Gaining National Competitive Advantage through Artificial Intelligence (AI)

Policy Making & National AI Strategies

Governments are vying with each other to develop national AI strategies to attract and foster business investment and innovation; educate, train, and create a skilled workforce now and into the future; provide the benefits of AI to their citizens, while protecting them from some of the potential risks of AI. Cognitive, behavioural, and network capital are the three primary sources of capital that governments need to leverage to gain competitive advantage. AI policy making requires a number of trade-offs that will ultimately be driven by societal values and what each nation wants.



Top five AI challenges for companies in 2019

From a Bionic Company to a Bionic Nation

Given the exponential growth of technology it is understandable that nations are vying with each other to develop their own national AI strategy. How can AI advance a nation's competitive advantage? Delving into the six different forms of capital bionic companies* use to build competitive advantage and applying them to nations, will help answer this question.

* Everson and Sviokla, 2018

Risks of Artificial Intelligence

National AI policies have significant ground to cover.  Besides working to increase domestic competitiveness and help businesses succeed with AI using the six forms of capital identified above, these policies also aim to address certain key concerns that accompany the technology.

At PwC, we group the risks associated with AI into six types:

The National-Level risks are more more important, far-reaching, and impact the socio-economic environment in which AI systems operate. These are issues that need to be tackled at the national, supranational, or societal level, across the globe.

The Business-Level risks are related to how AI systems are scoped, designed, built, tested, monitored, and refined. Mitigating these risks may require changes to the way organisations build and govern AI systems.

Managing Trade-Offs

Some countries have started exploring a series of trade-offs that AI presents in an attempt to address them in their policy documents, acknowledging that all of society - businesses, individual consumers, and academics alike - plays a role in how these issues are managed.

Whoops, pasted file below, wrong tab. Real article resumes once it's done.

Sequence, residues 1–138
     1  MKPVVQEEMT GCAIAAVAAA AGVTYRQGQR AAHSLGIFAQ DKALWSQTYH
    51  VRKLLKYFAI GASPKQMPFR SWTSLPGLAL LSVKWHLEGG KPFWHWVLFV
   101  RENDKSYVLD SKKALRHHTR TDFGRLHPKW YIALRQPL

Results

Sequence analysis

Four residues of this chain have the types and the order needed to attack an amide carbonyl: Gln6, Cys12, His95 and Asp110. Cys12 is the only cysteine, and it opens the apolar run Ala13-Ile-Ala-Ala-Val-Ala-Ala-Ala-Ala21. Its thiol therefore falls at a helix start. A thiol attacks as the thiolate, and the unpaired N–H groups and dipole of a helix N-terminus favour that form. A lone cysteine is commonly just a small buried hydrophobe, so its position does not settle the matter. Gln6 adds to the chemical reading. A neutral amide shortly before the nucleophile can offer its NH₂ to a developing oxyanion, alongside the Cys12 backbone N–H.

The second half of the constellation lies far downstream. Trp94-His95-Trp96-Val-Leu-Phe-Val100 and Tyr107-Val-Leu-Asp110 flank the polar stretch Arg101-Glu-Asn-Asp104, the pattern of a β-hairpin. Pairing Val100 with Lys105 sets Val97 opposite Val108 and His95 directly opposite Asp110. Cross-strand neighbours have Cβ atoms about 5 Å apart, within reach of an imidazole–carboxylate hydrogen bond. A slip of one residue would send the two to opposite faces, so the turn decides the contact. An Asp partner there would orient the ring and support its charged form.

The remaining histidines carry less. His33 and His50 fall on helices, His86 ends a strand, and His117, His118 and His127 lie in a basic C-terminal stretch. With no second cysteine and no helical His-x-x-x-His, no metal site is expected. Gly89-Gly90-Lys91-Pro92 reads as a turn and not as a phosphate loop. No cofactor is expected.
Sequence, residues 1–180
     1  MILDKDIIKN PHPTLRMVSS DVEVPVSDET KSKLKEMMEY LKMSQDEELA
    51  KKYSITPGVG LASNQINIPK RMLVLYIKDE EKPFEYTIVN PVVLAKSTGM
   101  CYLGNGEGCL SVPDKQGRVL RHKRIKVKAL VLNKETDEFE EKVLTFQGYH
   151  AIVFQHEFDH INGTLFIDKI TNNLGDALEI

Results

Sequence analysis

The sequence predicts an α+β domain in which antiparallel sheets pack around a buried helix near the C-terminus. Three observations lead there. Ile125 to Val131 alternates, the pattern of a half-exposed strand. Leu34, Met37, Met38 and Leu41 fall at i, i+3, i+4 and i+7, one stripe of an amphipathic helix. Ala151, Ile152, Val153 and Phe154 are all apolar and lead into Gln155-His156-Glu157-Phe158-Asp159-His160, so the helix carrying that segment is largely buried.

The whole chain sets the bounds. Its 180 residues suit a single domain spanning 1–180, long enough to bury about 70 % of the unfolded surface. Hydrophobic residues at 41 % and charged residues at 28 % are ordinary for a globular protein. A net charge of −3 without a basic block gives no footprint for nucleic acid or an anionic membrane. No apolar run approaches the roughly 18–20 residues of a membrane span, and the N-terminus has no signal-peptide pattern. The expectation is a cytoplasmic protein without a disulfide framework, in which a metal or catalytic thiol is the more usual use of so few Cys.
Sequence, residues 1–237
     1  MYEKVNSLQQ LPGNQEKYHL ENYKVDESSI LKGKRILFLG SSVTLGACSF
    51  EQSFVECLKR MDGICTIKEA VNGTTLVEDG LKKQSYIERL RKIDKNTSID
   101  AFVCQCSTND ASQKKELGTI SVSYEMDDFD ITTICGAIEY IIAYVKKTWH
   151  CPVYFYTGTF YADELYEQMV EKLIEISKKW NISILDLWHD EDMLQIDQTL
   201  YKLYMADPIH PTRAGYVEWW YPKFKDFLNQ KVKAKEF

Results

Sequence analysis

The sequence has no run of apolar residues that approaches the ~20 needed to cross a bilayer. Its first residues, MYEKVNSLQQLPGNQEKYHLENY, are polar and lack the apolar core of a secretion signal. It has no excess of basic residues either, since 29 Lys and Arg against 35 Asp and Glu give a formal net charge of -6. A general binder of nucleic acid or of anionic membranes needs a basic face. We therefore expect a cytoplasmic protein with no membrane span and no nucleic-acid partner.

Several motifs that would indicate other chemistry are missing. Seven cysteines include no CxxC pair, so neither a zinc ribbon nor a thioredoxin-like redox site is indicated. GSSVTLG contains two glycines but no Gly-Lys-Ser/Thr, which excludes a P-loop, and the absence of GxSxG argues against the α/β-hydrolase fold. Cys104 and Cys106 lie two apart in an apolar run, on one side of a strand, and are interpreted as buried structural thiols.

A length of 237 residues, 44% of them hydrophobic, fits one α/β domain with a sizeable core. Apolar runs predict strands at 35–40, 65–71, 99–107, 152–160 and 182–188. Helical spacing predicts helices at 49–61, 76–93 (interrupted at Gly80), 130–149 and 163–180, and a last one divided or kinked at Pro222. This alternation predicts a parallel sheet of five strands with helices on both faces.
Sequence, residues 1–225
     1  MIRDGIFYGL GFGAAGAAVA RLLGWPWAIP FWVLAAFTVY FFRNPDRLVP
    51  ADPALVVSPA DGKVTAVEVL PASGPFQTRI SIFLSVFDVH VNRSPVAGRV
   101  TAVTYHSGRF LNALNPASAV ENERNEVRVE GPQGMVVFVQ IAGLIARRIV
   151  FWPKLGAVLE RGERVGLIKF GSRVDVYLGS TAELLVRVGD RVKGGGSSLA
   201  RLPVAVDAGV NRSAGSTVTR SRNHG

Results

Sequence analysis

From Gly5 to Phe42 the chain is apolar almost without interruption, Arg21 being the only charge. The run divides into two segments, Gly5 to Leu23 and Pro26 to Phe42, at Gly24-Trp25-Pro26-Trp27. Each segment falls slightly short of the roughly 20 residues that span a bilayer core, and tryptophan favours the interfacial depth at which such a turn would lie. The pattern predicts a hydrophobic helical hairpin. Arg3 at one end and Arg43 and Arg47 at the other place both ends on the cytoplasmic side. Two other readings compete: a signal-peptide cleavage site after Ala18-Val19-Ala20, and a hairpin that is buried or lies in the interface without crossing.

Call to Action: Focus Areas for National AI Strategies

Given the considerable opportunities and risks associated with AI, national strategies should leverage the opportunities while mitigating the risks.

At PwC, we have developed an automated natural language processing tool called, National AI Strategies (NAIS) Radar, that analyses all documents on national AI Strategies and performs topic modeling and summarises the key policy recommendations being made by different countries.

Key topic areas addressed by different national AI strategies, along with details on specific documents and policy areas.

Call to Action: Businesses

As more countries release national AI strategies, businesses should follow these developments closely - and get involved in helping their governments shape policies that will impact the ways that AI and related technologies transform the business landscape. Companies should consider joining policy working groups and jointly advancing AI skills and education, as well as pursuing other efforts that help clarify how to balance their business interests with the greater good.

Given the massive opportunities and potential risks associated with AI, companies, global bodies, nonprofit groups, citizens, and policymakers must come together to devise the right strategies that consider the various trade-offs in ways that make sense in their country. Not having a coherent, comprehensive national strategy could put future generations at a competitive disadvantage.

Taking steps toward responsible AI

Contact us

Laurent Probst

Advisory Partner, Industry & Public Sector, PwC Luxembourg

Tel: + 352 49 48 48 2199

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